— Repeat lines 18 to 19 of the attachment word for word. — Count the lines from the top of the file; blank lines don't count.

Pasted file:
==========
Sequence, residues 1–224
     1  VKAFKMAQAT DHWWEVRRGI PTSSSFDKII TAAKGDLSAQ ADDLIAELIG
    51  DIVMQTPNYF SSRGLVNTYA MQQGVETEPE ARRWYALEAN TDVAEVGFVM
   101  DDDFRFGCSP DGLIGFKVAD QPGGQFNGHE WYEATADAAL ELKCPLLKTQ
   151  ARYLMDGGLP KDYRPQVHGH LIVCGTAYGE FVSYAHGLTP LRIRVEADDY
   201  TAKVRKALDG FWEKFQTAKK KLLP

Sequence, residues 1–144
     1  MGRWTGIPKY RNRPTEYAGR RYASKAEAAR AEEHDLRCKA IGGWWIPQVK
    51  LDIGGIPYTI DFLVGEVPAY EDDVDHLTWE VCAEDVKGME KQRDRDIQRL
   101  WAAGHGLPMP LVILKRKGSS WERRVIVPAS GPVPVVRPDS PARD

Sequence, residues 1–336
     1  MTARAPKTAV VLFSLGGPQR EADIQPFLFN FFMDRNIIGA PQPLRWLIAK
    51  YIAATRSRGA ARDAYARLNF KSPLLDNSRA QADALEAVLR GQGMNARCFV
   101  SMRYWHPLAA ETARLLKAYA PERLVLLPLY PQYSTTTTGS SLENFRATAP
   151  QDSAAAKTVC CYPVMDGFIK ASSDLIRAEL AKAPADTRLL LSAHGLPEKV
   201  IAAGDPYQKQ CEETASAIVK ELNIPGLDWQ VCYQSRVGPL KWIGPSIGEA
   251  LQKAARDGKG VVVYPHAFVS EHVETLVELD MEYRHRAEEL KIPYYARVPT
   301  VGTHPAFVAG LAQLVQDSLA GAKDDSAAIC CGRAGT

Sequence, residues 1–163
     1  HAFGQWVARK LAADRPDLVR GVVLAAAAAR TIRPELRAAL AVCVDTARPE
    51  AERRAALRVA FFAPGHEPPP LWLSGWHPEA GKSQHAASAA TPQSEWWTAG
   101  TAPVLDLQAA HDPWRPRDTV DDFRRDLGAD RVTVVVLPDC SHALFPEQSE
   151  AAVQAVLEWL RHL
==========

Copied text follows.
   301  VGTHPAFVAG LAQLVQDSLA GAKDDSAAIC CGRAGT

Sequence, residues 1–163